Buy it: Amazon

8. Coop Home Goods Eden Memory Foam Pillow; $80

Coop Eden Pillow
Coop Home Goods/Amazon

This pillow—which has a 4.5-star rating on Amazon—is filled with memory foam scraps and microfiber, and comes with an extra half-pound of fill so you can add, or subtract, the amount in the pillow for ultimate comfort. As a bonus, the pillows are hypoallergenic, mite-resistant, and washable.

Buy it: Amazon

9. Baloo Weighted Blanket; $149-$169

Baloo Weighted Blanket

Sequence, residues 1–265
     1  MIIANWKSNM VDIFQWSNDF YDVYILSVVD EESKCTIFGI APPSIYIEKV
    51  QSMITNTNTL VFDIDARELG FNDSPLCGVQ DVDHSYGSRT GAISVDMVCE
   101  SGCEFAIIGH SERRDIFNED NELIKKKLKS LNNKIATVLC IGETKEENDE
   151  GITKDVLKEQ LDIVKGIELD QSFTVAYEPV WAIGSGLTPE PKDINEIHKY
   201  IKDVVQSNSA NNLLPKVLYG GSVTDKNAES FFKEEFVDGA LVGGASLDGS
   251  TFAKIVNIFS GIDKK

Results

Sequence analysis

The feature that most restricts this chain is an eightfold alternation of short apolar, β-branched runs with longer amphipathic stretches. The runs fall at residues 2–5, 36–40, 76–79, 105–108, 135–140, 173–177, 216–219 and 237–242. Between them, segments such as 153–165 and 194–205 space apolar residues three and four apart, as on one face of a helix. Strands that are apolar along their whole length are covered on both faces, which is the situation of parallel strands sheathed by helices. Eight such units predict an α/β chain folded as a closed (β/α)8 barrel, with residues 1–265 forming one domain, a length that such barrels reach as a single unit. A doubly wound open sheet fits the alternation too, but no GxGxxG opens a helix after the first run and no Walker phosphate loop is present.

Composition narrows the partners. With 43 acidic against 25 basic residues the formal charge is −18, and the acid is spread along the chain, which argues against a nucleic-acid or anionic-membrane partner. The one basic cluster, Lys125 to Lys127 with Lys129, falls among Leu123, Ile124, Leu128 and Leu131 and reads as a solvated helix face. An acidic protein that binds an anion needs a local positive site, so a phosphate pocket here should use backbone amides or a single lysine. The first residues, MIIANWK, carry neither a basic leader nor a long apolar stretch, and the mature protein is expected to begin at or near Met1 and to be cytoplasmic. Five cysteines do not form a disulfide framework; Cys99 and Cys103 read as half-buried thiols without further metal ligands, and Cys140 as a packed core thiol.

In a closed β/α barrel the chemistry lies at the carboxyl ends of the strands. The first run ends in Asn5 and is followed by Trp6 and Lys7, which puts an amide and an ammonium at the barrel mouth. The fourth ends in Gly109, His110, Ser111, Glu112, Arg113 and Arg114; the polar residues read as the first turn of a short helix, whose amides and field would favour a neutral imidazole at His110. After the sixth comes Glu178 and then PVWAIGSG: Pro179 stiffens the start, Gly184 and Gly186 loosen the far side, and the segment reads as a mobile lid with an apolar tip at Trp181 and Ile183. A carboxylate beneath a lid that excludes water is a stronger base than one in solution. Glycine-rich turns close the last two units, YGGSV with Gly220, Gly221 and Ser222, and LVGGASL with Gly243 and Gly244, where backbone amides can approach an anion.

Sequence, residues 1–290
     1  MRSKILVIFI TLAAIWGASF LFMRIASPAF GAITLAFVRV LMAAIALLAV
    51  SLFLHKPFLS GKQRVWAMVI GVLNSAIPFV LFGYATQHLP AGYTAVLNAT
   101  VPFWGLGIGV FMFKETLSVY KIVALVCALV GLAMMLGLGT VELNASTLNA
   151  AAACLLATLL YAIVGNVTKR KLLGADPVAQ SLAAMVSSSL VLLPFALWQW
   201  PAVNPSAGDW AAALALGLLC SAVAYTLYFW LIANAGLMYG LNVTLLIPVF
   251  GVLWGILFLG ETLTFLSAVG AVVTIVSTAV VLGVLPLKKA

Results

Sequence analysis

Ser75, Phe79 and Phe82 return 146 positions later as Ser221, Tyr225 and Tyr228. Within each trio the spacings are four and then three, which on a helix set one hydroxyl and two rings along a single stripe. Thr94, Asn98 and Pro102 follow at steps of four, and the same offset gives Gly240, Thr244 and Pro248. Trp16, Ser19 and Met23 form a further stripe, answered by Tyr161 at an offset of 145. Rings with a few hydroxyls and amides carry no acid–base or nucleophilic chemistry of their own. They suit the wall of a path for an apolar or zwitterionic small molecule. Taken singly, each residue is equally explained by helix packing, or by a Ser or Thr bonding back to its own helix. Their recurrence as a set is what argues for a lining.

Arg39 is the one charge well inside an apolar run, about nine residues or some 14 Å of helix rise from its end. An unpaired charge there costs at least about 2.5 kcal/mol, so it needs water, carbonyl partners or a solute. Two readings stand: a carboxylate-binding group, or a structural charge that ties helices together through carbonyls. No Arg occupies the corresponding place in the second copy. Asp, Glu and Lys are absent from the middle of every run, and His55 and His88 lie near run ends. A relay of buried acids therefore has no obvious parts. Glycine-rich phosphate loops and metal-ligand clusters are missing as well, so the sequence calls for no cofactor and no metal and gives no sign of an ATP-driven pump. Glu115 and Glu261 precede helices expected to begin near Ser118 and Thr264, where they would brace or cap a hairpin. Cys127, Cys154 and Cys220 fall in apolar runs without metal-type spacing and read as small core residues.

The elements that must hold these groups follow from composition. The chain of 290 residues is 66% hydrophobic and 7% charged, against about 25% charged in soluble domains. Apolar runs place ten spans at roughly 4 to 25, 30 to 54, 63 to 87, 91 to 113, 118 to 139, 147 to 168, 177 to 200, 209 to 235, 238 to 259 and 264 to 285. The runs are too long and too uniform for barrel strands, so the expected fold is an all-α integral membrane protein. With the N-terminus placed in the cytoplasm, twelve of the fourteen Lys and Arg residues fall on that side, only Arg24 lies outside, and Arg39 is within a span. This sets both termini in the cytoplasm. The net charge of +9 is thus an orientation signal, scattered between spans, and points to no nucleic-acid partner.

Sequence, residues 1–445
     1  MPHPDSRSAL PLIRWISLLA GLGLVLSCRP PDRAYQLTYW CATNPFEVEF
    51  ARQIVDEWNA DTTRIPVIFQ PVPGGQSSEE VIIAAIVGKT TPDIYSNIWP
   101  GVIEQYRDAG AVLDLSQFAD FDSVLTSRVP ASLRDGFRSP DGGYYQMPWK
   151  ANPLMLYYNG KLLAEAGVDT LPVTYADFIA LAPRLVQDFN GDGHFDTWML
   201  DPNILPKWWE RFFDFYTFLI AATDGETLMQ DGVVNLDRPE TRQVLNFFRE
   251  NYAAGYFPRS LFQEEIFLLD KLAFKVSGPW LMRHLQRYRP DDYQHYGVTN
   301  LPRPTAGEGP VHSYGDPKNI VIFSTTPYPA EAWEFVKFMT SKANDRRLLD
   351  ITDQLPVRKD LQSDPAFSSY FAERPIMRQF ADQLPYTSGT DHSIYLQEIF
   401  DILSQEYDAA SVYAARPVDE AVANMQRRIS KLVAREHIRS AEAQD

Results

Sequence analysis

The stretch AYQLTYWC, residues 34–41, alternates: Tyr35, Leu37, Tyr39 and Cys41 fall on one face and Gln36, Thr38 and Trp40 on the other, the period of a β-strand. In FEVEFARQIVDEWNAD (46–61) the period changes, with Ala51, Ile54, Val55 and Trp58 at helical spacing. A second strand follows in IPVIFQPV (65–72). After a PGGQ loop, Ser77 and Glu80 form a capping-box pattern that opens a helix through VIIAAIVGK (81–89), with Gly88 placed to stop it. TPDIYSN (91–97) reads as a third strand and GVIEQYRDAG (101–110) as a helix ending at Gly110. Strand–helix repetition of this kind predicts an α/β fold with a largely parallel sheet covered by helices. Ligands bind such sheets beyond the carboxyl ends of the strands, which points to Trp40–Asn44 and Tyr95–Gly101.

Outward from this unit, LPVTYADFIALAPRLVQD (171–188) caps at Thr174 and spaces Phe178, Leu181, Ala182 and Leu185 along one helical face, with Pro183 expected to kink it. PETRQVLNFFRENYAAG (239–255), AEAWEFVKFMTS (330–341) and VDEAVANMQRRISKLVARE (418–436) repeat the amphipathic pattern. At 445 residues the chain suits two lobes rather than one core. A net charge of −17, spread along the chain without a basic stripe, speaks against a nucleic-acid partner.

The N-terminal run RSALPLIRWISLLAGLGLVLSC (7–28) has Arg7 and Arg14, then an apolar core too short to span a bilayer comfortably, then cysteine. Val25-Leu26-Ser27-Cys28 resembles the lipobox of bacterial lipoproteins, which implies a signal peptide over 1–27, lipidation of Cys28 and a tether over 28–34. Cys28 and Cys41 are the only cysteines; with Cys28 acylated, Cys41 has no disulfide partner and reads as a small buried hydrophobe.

Baloo/Amazon

Though the science is still out on weighted blankets, some people swear by them. Wirecutter named this Baloo blanket the best, not in small part because, unlike many weighted blankets, it’s machine-washable and -dryable. It’s currently available in 12-pound ($149) twin size and 20-pound ($169) queen size. It’s rated 4.7 out of five stars on Amazon, with one reviewer reporting that “when it's spread out over you it just feels like a comfy, snuggly hug for your whole body … I've found it super relaxing for falling asleep the last few nights, and it looks nice on the end of the bed, too.” 

Buy it: Amazon 

10. Philips Smartsleep Snoring Relief Band; $200

Philips SmartSleep Snoring Relief Band
Philips/Amazon